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Parasitic Cape honeybee workers, Apis mellifera capensis, evade policing

Martin, S.J., Beekman, M., Wossler, T.C. and Ratnieks, F.L.W. (2002) Parasitic Cape honeybee workers, Apis mellifera capensis, evade policing. Nature, 415 (6868). pp. 163-165. ISSN 0028-0836

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Abstract

Relocation of the Cape honeybee, Apis mellifera capensis, by bee-keepers from southern to northern South Africa in 1990 has caused widespread death of managed African honeybee, A. m. scutellata, colonies. Apis mellifera capensis worker bees are able to lay diploid, female eggs without mating by means of automictic thelytoky (meiosis followed by fusion of two meiotic products to restore egg diploidy), whereas workers of other honeybee subspecies are able to lay only haploid, male eggs. The A. m. capensis workers, which are parasitizing and killing A. m. scutellata colonies in northern South Africa, are the asexual offspring of a single, original worker in which the small amount of genetic variation observed is due to crossing over during meiosis (P. Kryger, personal communication). Here we elucidate two principal mechanisms underlying this parasitism. Parasitic A. m. capensis workers activate their ovaries in host colonies that have a queen present (queenright colonies), and they lay eggs that evade being killed by other workers (worker policing)—the normal fate of worker-laid eggs in colonies with a queen. This unique parasitism by workers is an instance in which a society is unable to control the selfish actions of its members.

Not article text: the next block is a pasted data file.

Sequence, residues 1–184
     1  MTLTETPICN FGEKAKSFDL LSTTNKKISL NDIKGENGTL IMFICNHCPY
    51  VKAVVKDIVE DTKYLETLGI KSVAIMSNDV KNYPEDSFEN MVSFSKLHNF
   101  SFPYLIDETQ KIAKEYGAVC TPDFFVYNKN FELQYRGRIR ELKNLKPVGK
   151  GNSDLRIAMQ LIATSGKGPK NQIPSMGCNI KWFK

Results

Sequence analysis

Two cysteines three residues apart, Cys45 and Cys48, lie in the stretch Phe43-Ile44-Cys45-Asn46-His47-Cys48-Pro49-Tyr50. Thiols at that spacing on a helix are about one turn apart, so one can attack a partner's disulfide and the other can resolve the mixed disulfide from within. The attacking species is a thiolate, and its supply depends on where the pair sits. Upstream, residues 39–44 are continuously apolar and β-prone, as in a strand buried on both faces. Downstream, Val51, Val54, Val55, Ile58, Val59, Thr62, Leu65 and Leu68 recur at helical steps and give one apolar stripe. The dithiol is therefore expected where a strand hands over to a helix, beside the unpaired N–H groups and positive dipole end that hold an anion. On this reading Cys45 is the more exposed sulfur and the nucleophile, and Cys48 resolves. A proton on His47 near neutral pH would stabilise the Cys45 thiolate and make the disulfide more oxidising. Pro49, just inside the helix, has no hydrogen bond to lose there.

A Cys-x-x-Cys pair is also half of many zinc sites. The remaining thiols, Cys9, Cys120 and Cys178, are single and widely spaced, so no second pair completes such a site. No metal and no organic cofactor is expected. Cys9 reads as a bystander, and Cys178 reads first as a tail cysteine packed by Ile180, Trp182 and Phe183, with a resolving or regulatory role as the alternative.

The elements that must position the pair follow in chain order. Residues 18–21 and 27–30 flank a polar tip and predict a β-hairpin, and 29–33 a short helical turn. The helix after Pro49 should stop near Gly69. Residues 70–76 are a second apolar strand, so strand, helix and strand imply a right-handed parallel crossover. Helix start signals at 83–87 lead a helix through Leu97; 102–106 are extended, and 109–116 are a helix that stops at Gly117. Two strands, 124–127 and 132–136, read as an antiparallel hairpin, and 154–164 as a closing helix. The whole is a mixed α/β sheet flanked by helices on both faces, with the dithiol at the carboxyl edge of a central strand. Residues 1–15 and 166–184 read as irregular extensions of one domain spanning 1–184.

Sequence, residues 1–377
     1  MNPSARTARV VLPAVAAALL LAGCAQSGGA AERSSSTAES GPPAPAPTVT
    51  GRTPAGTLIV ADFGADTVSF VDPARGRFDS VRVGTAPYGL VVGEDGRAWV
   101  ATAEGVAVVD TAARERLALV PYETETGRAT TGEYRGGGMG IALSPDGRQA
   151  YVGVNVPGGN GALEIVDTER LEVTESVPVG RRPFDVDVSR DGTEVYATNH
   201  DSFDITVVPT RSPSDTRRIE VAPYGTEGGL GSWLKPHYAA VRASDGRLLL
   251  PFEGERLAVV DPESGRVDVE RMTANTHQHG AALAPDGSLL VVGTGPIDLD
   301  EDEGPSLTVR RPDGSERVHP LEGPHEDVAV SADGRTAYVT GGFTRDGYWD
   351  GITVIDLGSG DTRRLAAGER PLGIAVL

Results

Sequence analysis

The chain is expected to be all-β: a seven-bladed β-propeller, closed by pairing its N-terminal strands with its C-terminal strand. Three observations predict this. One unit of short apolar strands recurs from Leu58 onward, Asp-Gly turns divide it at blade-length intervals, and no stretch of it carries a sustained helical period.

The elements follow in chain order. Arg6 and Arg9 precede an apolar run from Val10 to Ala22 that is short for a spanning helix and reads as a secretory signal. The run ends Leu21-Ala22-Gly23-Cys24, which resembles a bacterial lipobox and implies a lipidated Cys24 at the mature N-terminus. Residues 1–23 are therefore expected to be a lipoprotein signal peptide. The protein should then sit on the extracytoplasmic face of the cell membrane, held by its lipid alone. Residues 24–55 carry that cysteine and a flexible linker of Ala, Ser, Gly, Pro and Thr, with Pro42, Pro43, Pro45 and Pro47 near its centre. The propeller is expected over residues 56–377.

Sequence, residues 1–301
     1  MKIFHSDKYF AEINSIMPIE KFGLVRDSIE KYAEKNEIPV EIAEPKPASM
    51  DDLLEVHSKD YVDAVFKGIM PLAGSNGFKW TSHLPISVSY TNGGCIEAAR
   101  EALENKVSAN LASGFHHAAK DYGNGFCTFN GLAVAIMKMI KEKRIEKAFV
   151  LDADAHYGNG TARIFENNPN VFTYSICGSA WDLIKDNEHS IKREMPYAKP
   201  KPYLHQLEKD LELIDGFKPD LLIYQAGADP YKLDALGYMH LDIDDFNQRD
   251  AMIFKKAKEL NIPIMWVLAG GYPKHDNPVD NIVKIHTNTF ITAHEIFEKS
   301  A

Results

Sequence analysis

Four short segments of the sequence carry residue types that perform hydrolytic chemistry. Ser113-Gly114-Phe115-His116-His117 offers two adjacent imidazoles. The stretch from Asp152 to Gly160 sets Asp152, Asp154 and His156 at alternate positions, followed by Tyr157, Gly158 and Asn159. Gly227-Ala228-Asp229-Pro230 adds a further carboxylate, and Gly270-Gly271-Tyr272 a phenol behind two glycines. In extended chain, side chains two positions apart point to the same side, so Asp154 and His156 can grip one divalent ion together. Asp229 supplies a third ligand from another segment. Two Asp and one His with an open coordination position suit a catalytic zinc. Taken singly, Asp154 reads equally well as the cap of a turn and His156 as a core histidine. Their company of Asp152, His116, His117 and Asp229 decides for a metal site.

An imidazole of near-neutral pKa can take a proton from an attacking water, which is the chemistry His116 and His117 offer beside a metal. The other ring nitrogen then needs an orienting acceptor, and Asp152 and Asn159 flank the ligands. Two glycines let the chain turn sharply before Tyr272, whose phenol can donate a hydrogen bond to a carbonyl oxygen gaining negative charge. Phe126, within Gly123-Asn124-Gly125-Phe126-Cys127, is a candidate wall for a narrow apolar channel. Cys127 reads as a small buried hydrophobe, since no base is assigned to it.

Item Type: Article
Copyright, Publisher and Additional Information: © 2002 Macmillan Magazines Ltd
Institution: The University of Sheffield
Academic Units: The University of Sheffield > Faculty of Science (Sheffield) > School of Biological Sciences (Sheffield) > Department of Animal and Plant Sciences (Sheffield)
Depositing User: Repository Officer
Date Deposited: 20 Sep 2004
Last Modified: 06 Jun 2014 06:46
Status: Published
Refereed: Yes
Identification Number: 10.1038/415163a
URI: http://eprints.whiterose.ac.uk/id/eprint/98

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